(Oct 2010) The Town of Emmitsburg is currently under outdoor water restrictions within the town because of the lack of rainfall. The commissioners voted to enact a ban on all outside water use for at least 60 days on Sept. 7. At
that time, the town had seen 4.8 inches less rain over the previous four months than over the same period in 2009. At the same time, water consumption within the town was up 12 percent.
The commissioners voted unanimously to enact the temporary ban in the hope that it will somewhat curb consumption.
Hunting allowed within town limits
The Emmitsburg Town Commissioners voted on Sept. 7 to amend their firearms ordinance in a way that still allowed a small group of hunters to hunt on a large parcel of property east of Route 15 that is located within the town’s boundaries.
The changes allow hunting on a parcel or parcels owned by the same person that are adjoining and total more than 50 acres provided there are no homes on the property. The hunters must also obey all the Maryland hunting regulations.
Crosswalk going in at Silo Hill and Route 140
Emmitsburg Mayor James Hoover announced at the town meeting on Sept. 20 that the Maryland State Highway Administration is in the process of designing a crosswalk at Silo Hill and Route 140. He said that he had made the request for the
crosswalk a number of times. The most-recent request was made at the beginning of the year.
Planning Commission no longer has to meet monthly
A change in Maryland state law has allowed local planning commissions, which were legislated to meet monthly even if there was no business to conduct, to meet less frequently. The Emmitsburg Town Commissioners voted on Sept. 20 to amend the
town code so that the planning commission only had required quarterly meetings. Other meetings in between the quarterly meetings will be held as business is submitted that the planning commission needs to consider.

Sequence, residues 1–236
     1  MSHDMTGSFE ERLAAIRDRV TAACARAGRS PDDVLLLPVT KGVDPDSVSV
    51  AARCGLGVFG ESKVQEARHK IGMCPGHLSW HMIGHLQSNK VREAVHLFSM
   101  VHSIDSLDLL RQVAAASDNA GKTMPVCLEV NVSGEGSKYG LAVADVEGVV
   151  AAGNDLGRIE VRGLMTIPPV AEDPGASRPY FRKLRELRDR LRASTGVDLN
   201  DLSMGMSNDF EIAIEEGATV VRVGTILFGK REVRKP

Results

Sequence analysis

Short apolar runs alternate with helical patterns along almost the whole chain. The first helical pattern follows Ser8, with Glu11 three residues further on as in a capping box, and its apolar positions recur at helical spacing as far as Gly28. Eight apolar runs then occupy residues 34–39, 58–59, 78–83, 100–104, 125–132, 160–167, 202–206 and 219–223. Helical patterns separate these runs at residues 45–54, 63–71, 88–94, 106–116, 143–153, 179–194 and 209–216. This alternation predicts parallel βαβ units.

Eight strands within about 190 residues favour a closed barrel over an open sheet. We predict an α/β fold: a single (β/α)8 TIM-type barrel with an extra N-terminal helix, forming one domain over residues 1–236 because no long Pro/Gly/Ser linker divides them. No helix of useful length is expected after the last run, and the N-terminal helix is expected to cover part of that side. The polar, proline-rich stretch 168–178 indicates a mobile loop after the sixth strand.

Daughters of Charity can convert part of Provincial House to senior housing
The Emmitsburg Town Commissioners approved zoning changes on Sept. 7 that clear the way for the Daughters of Charity to pursue converting a wing of the St. Joseph’s Provincial House into senior housing.
The zoning change allows for senior housing to be developed within the town’s open space zones. The approval vote was met with applause from the audience supporting the change, although town staff had cautioned against making the changes.
The commissioners took public input about the change during the Aug. 16 and Sept. 7 meetings as well as hearing from town staff and representatives of the Daughters of Charity.
The approved changes define senior housing as housing for people 55 years or older and added senior housing as an allowable use in the open space zone. The stipulation is that the housing must be developed in a building that existed as of
Sept. 1, 2010. The zoning change allows for 50 senior housing units to be developed, though a future phase may add another 50 units.
The staff’s position was that the project would use the remaining sewer and water taps available, which means that no further development will occur in town until more water is available. Town Planner Sue Cipperly also pointed out that the
addition to the tax base that the needed taps would bring to the town was projected to be much lower than the town typically gets when it allocates sewer and water taps.
The Daughters of Charity saw that the project will increase tax revenue in town, bring in more jobs and allow the Daughters to make much-needed repairs to the town’s biggest tourist attraction.
The commissioners voted unanimously to approve the definition of senior housing, but Commissioner Denise Etris voted against making senior housing an allowable use in the open space zone. Etris said she doubted that senior housing would
attract business to the town.
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